After the Accident: the first 30-90 days
Within 30 Days of the Accident:
Seek Medical Attention and Document the Injuries
Medical attention immediately after the accident is necessary for a success personal injury case. If you did not attend the hospital or your doctor at the time of the accident, a medical professional’s assessment of your injuries is critical to obtain as soon as possible thereafter.
List ALL your symptoms and complaints from the accident to your doctor, including physical issues (pain, discomfort, limited mobility) or mental ones (flashbacks, fear and anxiety, insomnia, depression) at each visit to ensure that your injuries are accurately recorded in the part of your accident record that focuses on clinical notes. (See Clinical Records for more information.) Do not downplay or exaggerate the symptoms.
Make sure the doctor records all injuries reported in your clinical records, as ICBC will obtain and review a copy. If your doctor is not recording what you tell him or her, do not be afraid to explain why you want your symptoms recorded. If a doctor continues to rush you or skip writing down what you say, contact us for assistance.
If your doctor failed to record something on a particular office visit, then ICBC may argue that you must have been well. ICBC adjusters are more likely to accept your doctor’s description of your condition as objective medical evidence compared to what you may eventually tell their legal counsel.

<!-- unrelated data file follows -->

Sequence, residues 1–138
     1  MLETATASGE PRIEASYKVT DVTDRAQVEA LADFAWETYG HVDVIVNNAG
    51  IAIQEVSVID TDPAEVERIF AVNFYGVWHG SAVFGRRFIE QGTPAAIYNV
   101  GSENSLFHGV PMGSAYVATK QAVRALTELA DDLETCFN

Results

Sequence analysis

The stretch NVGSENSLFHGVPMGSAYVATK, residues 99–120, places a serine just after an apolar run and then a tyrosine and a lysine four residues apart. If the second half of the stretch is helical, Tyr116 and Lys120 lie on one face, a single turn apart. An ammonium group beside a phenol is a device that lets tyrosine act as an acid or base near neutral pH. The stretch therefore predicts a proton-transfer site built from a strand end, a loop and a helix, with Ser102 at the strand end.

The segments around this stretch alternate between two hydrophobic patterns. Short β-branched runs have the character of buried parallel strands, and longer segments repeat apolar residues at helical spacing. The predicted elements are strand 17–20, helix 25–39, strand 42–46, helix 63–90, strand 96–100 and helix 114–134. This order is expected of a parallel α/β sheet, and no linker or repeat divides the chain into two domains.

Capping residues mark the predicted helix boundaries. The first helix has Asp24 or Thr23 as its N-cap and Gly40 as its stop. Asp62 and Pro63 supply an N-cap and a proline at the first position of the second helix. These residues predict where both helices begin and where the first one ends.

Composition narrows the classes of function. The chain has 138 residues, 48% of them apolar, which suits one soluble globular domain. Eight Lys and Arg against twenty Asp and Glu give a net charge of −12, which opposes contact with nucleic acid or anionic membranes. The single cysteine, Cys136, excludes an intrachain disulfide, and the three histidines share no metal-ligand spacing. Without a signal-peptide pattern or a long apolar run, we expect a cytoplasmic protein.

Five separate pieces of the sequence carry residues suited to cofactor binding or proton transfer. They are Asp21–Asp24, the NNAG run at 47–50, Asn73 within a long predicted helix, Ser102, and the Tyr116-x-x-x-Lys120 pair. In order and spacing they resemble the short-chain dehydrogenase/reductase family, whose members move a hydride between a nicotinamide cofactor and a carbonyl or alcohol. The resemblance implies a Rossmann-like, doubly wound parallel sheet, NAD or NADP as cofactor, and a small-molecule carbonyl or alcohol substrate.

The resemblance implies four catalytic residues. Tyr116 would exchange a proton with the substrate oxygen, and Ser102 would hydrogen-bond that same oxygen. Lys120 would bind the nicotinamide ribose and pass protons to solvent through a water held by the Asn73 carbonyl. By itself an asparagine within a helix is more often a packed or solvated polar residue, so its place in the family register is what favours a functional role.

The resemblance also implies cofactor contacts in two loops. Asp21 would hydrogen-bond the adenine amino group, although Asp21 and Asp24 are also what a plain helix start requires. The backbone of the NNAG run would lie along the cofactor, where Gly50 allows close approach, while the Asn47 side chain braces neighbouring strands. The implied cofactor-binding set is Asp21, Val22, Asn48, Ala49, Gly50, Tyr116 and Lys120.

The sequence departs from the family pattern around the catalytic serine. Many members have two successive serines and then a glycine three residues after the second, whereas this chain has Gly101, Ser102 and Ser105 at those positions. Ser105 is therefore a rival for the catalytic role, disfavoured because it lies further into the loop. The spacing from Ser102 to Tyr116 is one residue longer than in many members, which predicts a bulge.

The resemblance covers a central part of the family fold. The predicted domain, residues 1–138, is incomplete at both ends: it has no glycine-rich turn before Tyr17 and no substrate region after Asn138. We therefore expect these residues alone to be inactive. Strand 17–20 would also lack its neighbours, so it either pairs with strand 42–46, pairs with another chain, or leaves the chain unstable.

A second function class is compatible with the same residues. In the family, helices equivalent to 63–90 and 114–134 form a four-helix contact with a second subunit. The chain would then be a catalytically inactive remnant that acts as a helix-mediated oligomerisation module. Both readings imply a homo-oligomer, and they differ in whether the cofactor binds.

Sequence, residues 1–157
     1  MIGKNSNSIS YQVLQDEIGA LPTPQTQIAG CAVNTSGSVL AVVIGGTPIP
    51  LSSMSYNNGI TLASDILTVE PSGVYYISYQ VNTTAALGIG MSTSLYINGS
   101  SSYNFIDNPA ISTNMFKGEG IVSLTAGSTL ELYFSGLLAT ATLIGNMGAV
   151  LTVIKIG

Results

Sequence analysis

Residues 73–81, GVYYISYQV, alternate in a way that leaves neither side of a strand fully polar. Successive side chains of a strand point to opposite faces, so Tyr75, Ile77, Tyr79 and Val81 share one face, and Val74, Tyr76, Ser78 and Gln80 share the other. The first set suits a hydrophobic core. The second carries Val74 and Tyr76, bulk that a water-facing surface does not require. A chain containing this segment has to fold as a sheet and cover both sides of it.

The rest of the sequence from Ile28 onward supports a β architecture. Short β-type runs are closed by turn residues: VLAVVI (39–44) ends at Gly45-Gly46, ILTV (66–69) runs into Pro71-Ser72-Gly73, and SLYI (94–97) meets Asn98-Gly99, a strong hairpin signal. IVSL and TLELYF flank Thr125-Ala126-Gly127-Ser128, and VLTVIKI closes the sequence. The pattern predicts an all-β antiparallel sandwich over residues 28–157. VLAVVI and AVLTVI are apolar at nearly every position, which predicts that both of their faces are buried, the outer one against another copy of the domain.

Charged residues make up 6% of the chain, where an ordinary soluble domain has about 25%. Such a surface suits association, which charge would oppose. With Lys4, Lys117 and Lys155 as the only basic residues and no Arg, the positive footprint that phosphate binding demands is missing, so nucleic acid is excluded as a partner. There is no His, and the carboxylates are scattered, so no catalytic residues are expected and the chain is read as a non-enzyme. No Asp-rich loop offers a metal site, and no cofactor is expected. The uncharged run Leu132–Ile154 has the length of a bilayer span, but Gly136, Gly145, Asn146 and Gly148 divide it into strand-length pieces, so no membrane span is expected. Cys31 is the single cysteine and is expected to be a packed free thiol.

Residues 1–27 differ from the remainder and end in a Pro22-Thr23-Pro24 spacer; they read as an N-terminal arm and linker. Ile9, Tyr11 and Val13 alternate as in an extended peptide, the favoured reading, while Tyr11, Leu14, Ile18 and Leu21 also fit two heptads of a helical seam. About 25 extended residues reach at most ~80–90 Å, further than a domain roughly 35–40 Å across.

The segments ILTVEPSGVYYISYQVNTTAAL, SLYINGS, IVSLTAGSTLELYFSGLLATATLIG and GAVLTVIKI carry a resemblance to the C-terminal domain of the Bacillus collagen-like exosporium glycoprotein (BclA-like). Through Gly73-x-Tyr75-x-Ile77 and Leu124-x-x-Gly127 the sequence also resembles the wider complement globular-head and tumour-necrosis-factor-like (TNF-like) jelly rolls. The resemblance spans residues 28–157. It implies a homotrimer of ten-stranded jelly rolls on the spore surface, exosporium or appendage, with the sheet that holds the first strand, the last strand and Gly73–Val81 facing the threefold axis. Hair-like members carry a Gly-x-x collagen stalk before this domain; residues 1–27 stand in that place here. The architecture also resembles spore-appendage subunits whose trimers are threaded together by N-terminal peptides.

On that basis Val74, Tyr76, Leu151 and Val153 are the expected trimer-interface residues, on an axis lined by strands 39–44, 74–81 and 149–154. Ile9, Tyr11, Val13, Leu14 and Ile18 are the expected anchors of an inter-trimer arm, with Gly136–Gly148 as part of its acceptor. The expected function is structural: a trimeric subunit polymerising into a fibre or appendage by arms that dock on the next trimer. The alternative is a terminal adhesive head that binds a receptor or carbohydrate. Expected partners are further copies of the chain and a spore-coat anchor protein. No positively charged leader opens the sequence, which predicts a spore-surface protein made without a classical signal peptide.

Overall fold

Follow the advice of your doctors or treatment providers. You have a positive obligation to try to lessen the damages. If you fail to follow the recommended treatment, ICBC may claim that your damages should be reduced because of “failure to mitigate” the damages. The rationale is that your recovery would have been quicker and more complete if you followed the treatment plan.
Continue to see your doctor for follow up visits for as long as you continue to have symptoms from your injuries. The frequency of visits will depend on the injuries sustained and may require referrals to specialists. If you discontinue seeing a doctor while you are still experiencing problems from your accident, ICBC will likely take the position that you must have recovered from your injuries - or that they were so minor that seeing your doctor was no longer necessary.
Obtain Legal Advice and Report the Accident to ICBC
Legal advice is critical as soon as possible after the accident. Contact us at 1-855-852-5100 so that:
We can provide you with legal advice specific to your case before you contact ICBC. The following are general recommendations:
We can advise whether to provide a written statement to ICBC setting out the circumstances of your accident and your injuries;
We can complete Part 7 Accident Benefit forms and any necessary statutory declaration forms that may be required in situations where the other driver is unknown, unidentified, or uninsured;
We can send (by registered mail) or hand deliver the required documentation to the nearest ICBC claims centre within the mandatory time limits;
We can handle these aspects for you once you retain us to represent you.
Gather and Organize Information and Evidence
Collect and maintain all documents and physical evidence related to the accident, including: